IRAQI FOREIGN MINISTER SENDS LETTER TO UN SECRETARY-GENERAL. Foreign Minister Naji Sabri on 24 January sent a letter to UN Secretary-General Kofi Annan detailing the extent of Iraq's cooperation with the former inspection regime, UNSCOM, as well as the present UNMOVIC/IAEA team. In the letter, Sabri cited previous reports by UN inspectors to the UN that stated that Iraq was no longer capable of producing weapons of mass destruction (WMD). "Since 1992, the [UN] Special Commission (UNSCOM) and the IAEA have not discovered any banned weapon or activity in Iraq," he insisted. Sabri criticized the UN Security Council, saying: "The council has never viewed what has been implemented [in Iraq] in a comparative and fair manner. In fact, it has behaved in an unprecedented arbitrary and harsh manner in the previous and current international dealings." He went on to detail how Iraq addressed "outstanding issues" in its 7 December report to the UN Security Council. Sabri insisted that, since inspectors have never found evidence of WMD in Iraq, the Security Council "should...implement the obligations it has pledged under the relevant resolutions; that is, lifting the unfair embargo, which is now 13 years old." The letter can be found on the Iraqi Foreign Ministry's website (http://www.uruklink.net/mofa).

Sabri's letter also detailed the work of UNMOVIC/IAEA inspectors thus far. He noted that the number of inspectors and support personnel in Iraq reached 237 by 23 January. Inspectors have carried out 440 inspections thus far, including 365 at sites that are subject to permanent monitoring, and have visited 75 new sites, according to Sabri. He added that inspectors have visited 297 sites in the northern and southern no-fly zones. Inspectors have visited military and government sites as well as universities, oil refineries, and private businesses and residences, he said. Inspectors have conducted extensive radiation testing, according to the foreign minister, and "took samples of heavy water, soil, vegetation, river water, [and] air waste from mechanical industries and other sources. This is in addition to their use of [aerial] photos and detailed maps obtained via satellite." He added in his letter to Secretary-General Annan that the "inspection teams' visits included interviews with the officials in charge of the sites," Sabri said. The inspections of these sites "have proven the veracity of Iraq's declaration that it is free of weapons of mass destruction and banned activities. They also confirmed the falsehood of the U.S. and British claims," the Foreign Minister concluded. (Kathleen Ridolfo)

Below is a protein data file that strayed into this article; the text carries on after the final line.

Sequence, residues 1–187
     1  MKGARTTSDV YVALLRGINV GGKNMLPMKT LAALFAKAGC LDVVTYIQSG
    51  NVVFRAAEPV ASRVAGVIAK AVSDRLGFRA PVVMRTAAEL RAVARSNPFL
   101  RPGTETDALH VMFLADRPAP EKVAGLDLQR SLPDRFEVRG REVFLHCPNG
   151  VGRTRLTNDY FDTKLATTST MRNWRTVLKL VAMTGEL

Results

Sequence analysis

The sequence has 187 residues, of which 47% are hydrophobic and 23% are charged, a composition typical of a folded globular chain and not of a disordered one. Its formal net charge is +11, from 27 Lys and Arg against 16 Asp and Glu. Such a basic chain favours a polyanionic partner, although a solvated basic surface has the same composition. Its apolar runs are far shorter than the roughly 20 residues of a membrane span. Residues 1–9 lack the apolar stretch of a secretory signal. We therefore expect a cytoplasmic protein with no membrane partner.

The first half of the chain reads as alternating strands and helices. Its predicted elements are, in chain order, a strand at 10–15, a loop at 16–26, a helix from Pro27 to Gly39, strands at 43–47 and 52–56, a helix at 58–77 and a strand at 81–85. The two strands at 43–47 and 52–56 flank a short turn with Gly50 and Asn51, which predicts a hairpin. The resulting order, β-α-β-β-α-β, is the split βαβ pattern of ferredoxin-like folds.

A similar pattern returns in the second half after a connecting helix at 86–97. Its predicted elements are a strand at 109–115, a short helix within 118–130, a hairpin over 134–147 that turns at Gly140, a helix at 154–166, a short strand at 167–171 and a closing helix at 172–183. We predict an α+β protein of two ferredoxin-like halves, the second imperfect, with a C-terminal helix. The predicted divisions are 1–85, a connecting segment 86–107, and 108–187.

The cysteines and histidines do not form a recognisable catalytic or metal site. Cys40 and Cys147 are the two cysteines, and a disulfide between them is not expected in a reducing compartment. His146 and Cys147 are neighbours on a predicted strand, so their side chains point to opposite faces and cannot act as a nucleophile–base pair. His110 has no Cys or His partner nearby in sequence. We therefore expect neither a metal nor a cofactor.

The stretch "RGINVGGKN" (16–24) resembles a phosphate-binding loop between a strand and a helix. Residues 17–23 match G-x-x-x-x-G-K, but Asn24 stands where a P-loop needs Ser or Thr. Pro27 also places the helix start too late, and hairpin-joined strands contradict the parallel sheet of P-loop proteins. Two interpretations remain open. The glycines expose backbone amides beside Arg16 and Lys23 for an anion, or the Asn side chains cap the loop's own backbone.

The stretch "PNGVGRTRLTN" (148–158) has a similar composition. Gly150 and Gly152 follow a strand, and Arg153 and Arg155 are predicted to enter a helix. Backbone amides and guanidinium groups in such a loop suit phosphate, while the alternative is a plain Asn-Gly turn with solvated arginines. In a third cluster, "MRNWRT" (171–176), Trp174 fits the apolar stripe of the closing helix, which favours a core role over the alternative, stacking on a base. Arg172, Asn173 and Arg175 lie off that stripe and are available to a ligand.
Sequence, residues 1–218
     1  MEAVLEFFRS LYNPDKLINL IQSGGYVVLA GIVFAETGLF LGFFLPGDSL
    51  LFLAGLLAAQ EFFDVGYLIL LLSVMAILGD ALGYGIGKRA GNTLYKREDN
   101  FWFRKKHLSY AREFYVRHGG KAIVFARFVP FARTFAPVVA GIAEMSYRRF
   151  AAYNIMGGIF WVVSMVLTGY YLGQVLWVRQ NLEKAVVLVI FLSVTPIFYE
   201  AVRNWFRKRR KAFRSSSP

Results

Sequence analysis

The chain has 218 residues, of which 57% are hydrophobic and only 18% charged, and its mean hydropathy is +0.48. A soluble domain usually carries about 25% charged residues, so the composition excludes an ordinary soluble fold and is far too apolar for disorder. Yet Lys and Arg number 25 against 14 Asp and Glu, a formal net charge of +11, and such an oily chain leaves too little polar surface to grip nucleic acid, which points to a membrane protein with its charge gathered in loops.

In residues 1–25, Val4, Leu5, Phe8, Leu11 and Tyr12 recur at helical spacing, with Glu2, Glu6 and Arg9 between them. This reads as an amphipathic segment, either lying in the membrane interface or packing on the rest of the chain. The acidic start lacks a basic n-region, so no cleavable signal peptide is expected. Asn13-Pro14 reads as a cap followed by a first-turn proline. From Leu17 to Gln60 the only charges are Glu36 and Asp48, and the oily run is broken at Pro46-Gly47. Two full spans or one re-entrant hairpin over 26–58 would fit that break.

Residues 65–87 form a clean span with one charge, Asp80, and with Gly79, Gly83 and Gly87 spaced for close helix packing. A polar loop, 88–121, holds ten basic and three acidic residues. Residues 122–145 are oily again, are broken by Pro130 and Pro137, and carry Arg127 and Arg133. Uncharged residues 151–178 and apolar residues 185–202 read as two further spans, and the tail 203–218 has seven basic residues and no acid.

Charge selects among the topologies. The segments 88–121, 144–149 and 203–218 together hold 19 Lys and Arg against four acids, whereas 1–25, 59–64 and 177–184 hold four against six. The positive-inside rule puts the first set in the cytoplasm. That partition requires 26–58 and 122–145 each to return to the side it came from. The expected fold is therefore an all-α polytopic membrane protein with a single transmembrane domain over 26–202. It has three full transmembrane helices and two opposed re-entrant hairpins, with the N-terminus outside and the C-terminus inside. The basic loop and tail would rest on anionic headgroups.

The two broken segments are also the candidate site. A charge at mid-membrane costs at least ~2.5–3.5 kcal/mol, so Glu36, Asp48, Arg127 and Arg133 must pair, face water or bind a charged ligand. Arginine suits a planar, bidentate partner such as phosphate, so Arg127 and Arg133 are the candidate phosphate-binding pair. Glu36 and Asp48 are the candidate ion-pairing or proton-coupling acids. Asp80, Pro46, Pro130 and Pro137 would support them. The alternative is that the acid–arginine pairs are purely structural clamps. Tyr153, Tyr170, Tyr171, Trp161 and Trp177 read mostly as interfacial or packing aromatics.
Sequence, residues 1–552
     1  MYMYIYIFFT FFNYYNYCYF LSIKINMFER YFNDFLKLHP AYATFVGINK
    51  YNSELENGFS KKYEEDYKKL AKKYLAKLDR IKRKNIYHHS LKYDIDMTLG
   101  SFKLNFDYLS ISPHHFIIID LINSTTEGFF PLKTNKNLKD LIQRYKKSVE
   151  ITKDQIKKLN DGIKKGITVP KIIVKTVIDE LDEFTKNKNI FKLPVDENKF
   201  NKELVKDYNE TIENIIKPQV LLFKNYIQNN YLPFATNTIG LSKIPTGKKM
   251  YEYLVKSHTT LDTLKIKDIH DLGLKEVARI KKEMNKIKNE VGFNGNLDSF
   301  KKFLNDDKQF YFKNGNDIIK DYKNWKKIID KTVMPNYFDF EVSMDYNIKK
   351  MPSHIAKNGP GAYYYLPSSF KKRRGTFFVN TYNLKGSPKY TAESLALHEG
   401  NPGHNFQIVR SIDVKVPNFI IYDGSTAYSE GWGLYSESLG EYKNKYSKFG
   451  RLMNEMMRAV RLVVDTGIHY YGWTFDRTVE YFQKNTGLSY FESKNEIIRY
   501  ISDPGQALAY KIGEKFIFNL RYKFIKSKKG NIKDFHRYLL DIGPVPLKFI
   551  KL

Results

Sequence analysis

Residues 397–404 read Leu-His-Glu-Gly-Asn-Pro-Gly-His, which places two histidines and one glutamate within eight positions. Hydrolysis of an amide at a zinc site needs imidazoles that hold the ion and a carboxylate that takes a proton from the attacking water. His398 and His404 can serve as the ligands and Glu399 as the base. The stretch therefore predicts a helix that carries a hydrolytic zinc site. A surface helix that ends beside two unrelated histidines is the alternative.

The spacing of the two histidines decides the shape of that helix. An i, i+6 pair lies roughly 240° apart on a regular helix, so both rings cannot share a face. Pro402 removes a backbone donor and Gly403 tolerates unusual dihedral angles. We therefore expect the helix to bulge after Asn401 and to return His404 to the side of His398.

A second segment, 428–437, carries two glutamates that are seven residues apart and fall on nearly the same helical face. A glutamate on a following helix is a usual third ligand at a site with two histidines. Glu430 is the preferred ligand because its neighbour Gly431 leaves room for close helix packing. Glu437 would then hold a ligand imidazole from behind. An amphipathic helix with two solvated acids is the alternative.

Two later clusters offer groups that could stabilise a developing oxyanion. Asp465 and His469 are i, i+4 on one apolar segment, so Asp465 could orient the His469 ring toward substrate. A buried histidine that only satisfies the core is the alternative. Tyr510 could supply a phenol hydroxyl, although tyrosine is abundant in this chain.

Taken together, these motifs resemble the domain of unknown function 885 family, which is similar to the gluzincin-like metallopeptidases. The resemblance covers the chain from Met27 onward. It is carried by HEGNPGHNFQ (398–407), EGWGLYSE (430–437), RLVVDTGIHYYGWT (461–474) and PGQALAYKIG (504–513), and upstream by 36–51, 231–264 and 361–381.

IRAQI GOVERNMENT CANCELS TRAVEL RESTRICTIONS. The Baghdad-based daily "Babil," which is published by President Husayn's son Uday, posted the following note on its website (http://www.iraq2000.com/babil) on 25 January. "The higher authorities have issued instructions to cancel restrictions on travel of Autonomous Region's citizens that [had] required securing the security authorities' approval of their travel. Hence, Autonomous Region's citizens are treated like Iraqi citizens in other governorates." The report is apparently referring to the Kurdish autonomous areas. (Kathleen Ridolfo)

IRAQIS ARREST TWO WHO GET TOO CLOSE TO INSPECTORS. Iraqi authorities arrested two men over the weekend, one of them for attempting to enter the inspectors' headquarters while carrying two knives, Al-Jazeera television and UPI reported on 25 January. The second man was arrested in a separate incident after he jumped into an automobile belonging to inspectors as they were preparing to leave the headquarters. The man refused to get out and had to be removed by force by Iraqi guards. The incidents happened in rapid succession, according to UPI. UN spokesman Hiro Ueki said the first man tried to storm the inspector's headquarters at 7:50 a.m. local time. The second man snatched papers from the UN automobile, forced the driver from the car, and attempted to drive away, UPI reported. (Kathleen Ridolfo)

KIRKUK MILITARIZED? The northern Iraqi city of Kirkuk has been "militarized," tehrantimes.com reported on 26 January. "Iraq has dug trenches around Kirkuk's Oil Refinery and...evening working hours in the refinery have been [suspended]" to better control the flow of pedestrian traffic, the daily reported. The report also noted that the Iraqi government has warned citizens to "stay indoors" once the war begins. (Kathleen Ridolfo)

REGIONAL NEWS
ARAB DAILY'S NEWS EDITOR SAYS IRAQI REGIME SHOULD NOT BE DEFENDED. "Al-Sharq Al-Awsat" Editor in Chief Abd al-Rahman al-Rashid wrote a commentary titled "Why the Baghdad Regime Does Not Deserve to be Defended" in the London-based daily's 28 January edition. "A history such as this is not worth defending and it is not worth the tears that are shed for its sake," al-Rashid wrote. "In the absence of the Iraqi regime, the Arab world will be able to breath and find a glimpse of hope that the region will see stability." He acknowledged that the "process will be bloody and painful," but added that those who defend the regime based on the idea that all the Arab regimes are under threat from foreign interference are wrong. "Protecting the Arab regimes by using the Iraqi regime as an example makes all the Arab regimes a subject of ridicule for the whole world," al-Rashid noted. He said that Arabs should "choose a regime that deserves to be defended," adding, "Instead of the United States, it ought to have been us who took the initiative ourselves." (Kathleen Ridolfo)